The Squier Bullet Strat project is getting closer to how I wanted it to look like and play, but there’s a bit more work to be done. First up, the stock tuners had to go and I wanted to try and get some decent locking tuners that didn’t break the bank. The whole point of this project was to take a cheap guitar, and increase its playability with a modest budget.
Scouring through eBay, there was a range of locking tuners at all different price points. I wanted to upgrade on a budget, but I didn’t want to risk going with a super-cheap no-name option and being let down. The established players were a bit too expensive for this build, so I wanted to find a good middle ground. Jinho was a brand that came up with options that were a nice middle ground for price, so I did a bit of reading up on them. Turns out that Jinho are an OEM option for a range of big-name guitar brands, and the feedback on their locking tuners was generally positive. I ordered a set of these, and some roller string-trees, since they were very cheap. They were less of a loss if they turned out to be rubbish.
To continue the black theme I ordered some black pickup covers to match the stock single coils to the IBZ/USA pickup, as well as some black pickguard screws. A lot of these things weren’t really necessary to the playability of the guitar, but I wanted to achieve a bit of a tuxedo look, and the overall cost wasn’t too much.
The Jinho locking tuners were the first item to arrive. Like most modern tuners, the shaft diameter is 10mm, and I’d need to enlarge the tuner holes in order to fit the new units. The safest way to open up the holes without chipping the wood is to use a hand-reamer, but I didn’t have one, so I decided to try and to it with a hand drill and a range of drill bits that would gradually bring the holes to the desired 10mm diameter.
Unfortunately, drilling the holes out gradually resulted in chipping, but thankfully most of the damage was covered up by the tuners themselves. Now that I think about it, masking off the areas may have reduced the chances of chipping, but it’s too late now. It’s not really the end of the world since it’s a cheap guitar.
The stock tuners use two screws to hold each tuner in place. These holes didn’t quite line up with the 45 degree angle mounting on the Jinho units, so I decided to fill the holes to tidy up the back of the headstock. I used maple toothpicks, trimmed to size, and a bit of superglue to stick them in. Trimmed to be flush with the headstock, the holes aren’t nearly as noticeable as they would be if left alone.
I put the Jinho tuners into the newly enlarged holes, and lined them up against a straight-edge so I could mark the spots to drill for the screws that hold the tuner in place. To drill the pilot holes the correct length I placed the screws to be used against the drill bit, and marked the correct depth with a piece of tape. By doing this you don’t risk drilling too far, through the headstock. Once the holes were drilled I installed the screws and tightened up the retaining nuts.
Once the guitar was strung up and strings stretched sufficiently I went about testing the guitar. I was pleased to find that the guitar stayed in tune pretty well, even with some whammy bar work. The string trees were causing some string binding issues, as was evident by the pinging noise on some strings when tuning. The roller trees were on their way, so it would be interesting to see if they improved the issue.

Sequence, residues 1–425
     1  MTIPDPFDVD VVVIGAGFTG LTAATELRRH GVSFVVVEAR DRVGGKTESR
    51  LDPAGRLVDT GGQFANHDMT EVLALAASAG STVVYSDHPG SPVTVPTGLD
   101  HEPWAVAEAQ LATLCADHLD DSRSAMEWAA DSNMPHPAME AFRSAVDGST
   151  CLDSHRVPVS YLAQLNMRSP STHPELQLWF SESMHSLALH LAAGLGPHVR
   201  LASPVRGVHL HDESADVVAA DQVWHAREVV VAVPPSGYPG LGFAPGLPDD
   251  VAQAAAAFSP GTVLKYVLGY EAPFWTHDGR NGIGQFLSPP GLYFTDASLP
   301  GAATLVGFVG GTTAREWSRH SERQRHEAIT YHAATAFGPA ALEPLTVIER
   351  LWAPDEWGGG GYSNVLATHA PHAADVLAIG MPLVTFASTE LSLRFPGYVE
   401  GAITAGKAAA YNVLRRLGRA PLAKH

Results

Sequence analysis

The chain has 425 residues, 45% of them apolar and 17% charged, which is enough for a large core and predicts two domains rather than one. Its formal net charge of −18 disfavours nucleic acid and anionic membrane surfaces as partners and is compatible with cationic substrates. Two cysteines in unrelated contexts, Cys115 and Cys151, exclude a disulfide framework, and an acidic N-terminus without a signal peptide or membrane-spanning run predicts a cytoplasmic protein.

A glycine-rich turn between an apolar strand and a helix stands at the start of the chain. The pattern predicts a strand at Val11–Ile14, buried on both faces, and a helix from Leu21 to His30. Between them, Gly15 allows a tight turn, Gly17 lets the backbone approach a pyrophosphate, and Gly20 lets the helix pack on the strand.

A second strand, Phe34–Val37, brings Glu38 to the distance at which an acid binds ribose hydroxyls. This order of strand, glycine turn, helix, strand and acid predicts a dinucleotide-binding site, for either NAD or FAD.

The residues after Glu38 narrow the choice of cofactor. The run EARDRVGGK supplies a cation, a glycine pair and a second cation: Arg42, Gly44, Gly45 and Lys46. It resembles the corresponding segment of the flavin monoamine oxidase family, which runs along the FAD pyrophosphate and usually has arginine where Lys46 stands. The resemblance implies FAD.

The next batch of parts to arrive were the black pickup covers and pickguard screws. I mistakenly figured that the Squier pickups would have had the same pole-piece spacing to save costs, so I only measured one pickup and ordered the covers in the same spacing. The cover fit the middle pickup, but the neck was off. I ended up widening the holes by scraping around them with a Stanley knife until I could fit the cover over the pickup. The modification wasn’t too noticeable since the pickup bobbin was black. The guitar was pretty much coming together visually now, with it’s black and white theme.
The string trees finally arrived, and unfortunately I was a bit disappointed with them. They were supposed to be black, and they were closer to the nickel colour of the stock string trees than black. The heads of the screws snapped off during installation, so I had to use the stock string tree screws. To top if off, the tolerances on the rollers were a bit sloppy, so it feels like there is still a little bit of string binding going on. My first pick for trees was the Graphtech Black TUSQ XL Sleek String Trees, so I think I may order some of these soon.
With the installation of these parts the guitar is not only starting to play better, but come together in a visual way too. I want to continue replacing any screws on the pickguard to black to finish the look there, and most likely switch out the string trees for part that not only look the part more so, but perform better too.
I took the Bullet out for it’s first gig during this time, and whilst it performed admirably, the IBZ/USA single coil in the bridge wasn’t quite pushing as hard as I would have preferred. I’m looking at a couple of pickups that may give me the bigger, fatter sound that would be comparable to my humbucker equipped guitars, but still retain a single coil vibe. The Bullet may be a cheap guitar, but it plays so well, so it’s worth considering throwing some nice pickups in. This project has definitely been a lot of fun, and has demonstrated that a cheap, budget guitar can be a great player with a little work and a small budget.